As most of you are aware, Free The Wild has been focused on a project in Islamabad, Pakistan, where we're working with a number of NGOs and public groups to free Kaavan, Pakistan’s last remaining Asian elephant.
Despite discussions with Islamabad Zoo, the Ministry of Climate Change and the Mayor, Pakistan continues to linger on their decision to allow Kaavan to leave the country. We are still pressing for the Memorandum of Understanding we prepared several months ago, to be reviewed and signed. We will, of course, provide updates on this as and when new information comes to light.
In the meantime, however, we’d like to bring your attention to another issue that's developing in the background.
Pakistan recently applied to import ten elephants from Namibia, but had their permit revoked for undisclosed reasons. All we know is that Namibia were willing to issue a license for the animals, until they found that the Convention on International Trade in Endangered Species (CITES) hadn’t supplied Pakistan with the permit they’d require to do so.
We know that Lahore Zoo’s only female elephant, Suzie, died in May 2017 and they’ve been trying to replace her ever since. Islamabad Zoo lost their only female elephant in 2012 and Kaavan will hopefully be leaving to Cambodia soon, leaving both zoos with no elephant exhibits.
CITES recently imposed a near-total ban on sending wild African elephants captured to zoos. Representatives from the group agreed that elephants should remain in their “natural and historical range in Africa, except in exceptional circumstances where … it is considered that a transfer to ex-situ locations will provide demonstrable in-situ conservation benefits for African elephants”.
Despite this and Pakistan’s well-publicised campaign to reverse climate change by planting ten billion trees, their government is making it clear that they have little empathy for their imported elephants, most of whom go on to become ill or die from lack of care. Thankfully, Nambia declined to supply Pakistan with the elephants, but news has emerged that allied China has secured a deal with Zimbabwe to import thirty babies, two of whom are believed to be destined for Pakistan.
This shows that there are very clear and easily exploited loopholes in the systems that have been set-up to protect the elephants in the first place. What is the point in us, or anyone else, working to free Kaavan, if as soon as he’s released, he’s immediately replaced by another elephant? We need to send a message to Pakistan that keeping these majestic animals in captivity is both cruel and unnecessary. There are currently five elephants in Pakistan and based on the way they are treated, their health and their prospective futures, there is little evidence to suggest that Pakistan is equipped to take on even one more elephant, let alone ten.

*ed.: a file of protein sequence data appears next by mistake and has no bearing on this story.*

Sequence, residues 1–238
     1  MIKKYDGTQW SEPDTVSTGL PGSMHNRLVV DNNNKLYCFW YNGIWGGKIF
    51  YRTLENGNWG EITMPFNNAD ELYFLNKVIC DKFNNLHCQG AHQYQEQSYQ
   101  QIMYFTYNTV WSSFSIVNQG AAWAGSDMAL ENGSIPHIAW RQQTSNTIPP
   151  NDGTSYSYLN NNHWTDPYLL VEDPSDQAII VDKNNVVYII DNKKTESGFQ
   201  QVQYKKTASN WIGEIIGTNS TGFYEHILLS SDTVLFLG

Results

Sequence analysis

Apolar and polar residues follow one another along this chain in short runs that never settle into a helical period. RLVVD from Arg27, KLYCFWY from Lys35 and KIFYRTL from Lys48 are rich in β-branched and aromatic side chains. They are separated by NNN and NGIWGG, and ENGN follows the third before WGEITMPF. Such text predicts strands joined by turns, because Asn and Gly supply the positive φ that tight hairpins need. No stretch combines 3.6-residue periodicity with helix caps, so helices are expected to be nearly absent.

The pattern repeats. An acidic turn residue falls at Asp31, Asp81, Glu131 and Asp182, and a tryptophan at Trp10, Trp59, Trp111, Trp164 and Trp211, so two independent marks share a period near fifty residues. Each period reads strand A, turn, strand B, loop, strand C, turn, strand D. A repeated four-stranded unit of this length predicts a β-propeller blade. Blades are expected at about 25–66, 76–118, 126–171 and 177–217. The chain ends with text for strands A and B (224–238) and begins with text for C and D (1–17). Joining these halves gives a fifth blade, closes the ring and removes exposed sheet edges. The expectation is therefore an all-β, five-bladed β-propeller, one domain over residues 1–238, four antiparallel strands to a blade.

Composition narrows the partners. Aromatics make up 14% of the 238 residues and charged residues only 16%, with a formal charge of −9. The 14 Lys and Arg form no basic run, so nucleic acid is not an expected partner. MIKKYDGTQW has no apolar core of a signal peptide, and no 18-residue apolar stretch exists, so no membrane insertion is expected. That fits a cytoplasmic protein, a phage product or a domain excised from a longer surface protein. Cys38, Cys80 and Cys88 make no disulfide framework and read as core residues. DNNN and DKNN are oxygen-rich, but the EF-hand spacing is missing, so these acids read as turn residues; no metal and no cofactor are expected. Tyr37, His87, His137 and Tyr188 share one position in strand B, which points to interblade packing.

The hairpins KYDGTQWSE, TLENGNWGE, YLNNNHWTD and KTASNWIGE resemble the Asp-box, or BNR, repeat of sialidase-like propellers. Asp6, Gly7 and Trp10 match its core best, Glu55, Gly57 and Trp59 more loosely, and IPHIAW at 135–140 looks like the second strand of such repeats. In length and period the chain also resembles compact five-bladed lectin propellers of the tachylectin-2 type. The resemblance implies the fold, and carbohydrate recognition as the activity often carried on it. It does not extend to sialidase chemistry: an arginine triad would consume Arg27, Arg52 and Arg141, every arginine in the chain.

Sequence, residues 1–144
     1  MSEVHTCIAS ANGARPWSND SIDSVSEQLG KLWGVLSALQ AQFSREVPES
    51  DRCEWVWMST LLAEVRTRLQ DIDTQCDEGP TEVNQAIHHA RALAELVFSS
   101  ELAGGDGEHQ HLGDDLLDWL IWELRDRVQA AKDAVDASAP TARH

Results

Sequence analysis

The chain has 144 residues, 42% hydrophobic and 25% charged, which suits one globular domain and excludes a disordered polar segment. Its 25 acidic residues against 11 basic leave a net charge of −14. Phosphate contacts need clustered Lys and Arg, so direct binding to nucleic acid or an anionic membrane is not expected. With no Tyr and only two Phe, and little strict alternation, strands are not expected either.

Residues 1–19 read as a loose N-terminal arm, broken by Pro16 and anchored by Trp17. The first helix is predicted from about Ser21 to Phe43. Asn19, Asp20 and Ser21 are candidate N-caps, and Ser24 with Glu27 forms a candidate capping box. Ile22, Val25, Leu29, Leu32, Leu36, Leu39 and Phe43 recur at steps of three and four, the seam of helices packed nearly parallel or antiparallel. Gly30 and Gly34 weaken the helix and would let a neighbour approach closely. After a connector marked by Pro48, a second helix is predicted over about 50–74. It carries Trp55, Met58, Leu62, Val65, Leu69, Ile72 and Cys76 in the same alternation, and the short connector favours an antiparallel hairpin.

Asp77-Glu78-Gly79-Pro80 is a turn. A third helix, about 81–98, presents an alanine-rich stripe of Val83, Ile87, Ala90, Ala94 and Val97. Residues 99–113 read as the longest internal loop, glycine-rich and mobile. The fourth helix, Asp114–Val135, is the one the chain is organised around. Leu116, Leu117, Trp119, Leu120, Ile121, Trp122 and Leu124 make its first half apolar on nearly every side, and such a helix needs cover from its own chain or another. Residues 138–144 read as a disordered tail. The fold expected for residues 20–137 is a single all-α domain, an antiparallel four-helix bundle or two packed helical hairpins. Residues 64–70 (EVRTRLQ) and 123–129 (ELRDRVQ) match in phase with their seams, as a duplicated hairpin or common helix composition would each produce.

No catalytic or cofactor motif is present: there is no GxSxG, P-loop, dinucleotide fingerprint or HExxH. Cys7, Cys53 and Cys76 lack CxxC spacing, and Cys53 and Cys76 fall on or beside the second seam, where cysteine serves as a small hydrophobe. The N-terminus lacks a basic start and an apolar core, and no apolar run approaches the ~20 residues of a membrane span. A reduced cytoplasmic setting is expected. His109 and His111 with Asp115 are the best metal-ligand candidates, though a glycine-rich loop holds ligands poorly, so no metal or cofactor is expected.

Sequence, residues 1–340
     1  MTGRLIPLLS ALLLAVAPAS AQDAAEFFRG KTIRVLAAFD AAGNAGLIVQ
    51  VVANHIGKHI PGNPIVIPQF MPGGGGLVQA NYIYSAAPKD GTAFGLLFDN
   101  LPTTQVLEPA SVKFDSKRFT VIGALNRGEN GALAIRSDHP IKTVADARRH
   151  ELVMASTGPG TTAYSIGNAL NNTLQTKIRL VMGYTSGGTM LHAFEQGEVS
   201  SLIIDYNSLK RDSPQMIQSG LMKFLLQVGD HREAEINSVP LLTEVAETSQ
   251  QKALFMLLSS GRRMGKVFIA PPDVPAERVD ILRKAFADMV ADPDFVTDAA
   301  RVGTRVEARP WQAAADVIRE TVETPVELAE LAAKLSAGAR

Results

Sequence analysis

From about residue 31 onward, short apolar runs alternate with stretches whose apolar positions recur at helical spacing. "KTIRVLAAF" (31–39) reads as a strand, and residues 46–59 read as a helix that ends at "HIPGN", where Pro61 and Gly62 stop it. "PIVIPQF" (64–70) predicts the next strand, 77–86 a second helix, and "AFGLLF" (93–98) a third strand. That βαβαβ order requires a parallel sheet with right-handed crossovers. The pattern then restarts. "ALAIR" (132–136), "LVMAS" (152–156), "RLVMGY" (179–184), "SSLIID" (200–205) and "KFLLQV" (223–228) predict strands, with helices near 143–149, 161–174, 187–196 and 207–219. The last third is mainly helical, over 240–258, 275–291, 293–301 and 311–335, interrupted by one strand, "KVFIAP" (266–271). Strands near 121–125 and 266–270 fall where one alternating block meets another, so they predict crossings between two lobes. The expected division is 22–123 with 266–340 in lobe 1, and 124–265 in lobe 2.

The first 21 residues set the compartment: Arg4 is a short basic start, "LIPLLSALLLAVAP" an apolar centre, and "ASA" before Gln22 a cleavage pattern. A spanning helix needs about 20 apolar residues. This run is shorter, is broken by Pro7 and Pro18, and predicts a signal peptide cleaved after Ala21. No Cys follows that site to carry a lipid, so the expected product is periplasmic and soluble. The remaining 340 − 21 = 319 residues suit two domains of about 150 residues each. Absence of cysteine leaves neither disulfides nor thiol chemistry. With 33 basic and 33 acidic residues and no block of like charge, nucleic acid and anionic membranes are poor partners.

As such, one of Free The Wild’s Trustees has created a petition to address these issues and prevent more wild elephants from being imprisoned and chained up in Pakistan. Since it’s creation, Pakistan’s environment ministry has confirmed that there are currently no applications under consideration to import elephants into the country, but the news of China’s latest import and the fact that both China and the UAE are within their legal rights to “gift” these animals to Pakistan, leaves us feeling uneasy.
Over 2000 people have already signed and, while Pakistan may have ceased their import practices for now, reaching our 3000 signature goal will hopefully demonstrate that the public, both nationally and internationally, agree that elephants should not be kept in captivity.
Please sign our petition here and consider sharing this with friends and families to spread awareness for the issue and help drive a bigger wedge between elephant imports and human entertainment.
Thank you for reading and check back next week for more news.
Free The Wild
The donations Free The Wild receives help us cover Kaavan’s land and air transportation costs, veterinary care and the air fares for the vets and professionals responsible for his care. We do not condone Islamabad Zoo’s current practices and are urgently working to have the facilities renovated and its staff retrained by qualified and highly experienced experts, albeit Kaavan’s release is our foremost priority.
Any help you can provide, whether it’s by sharing this post or by donating a small amount of money will help our cause immeasurably.
The more pressure we can put on Pakistan and the Zoo, the more likely we are to create a positive outcome for Kaavan and all the other animals that are currently held captive, and in dire need of care.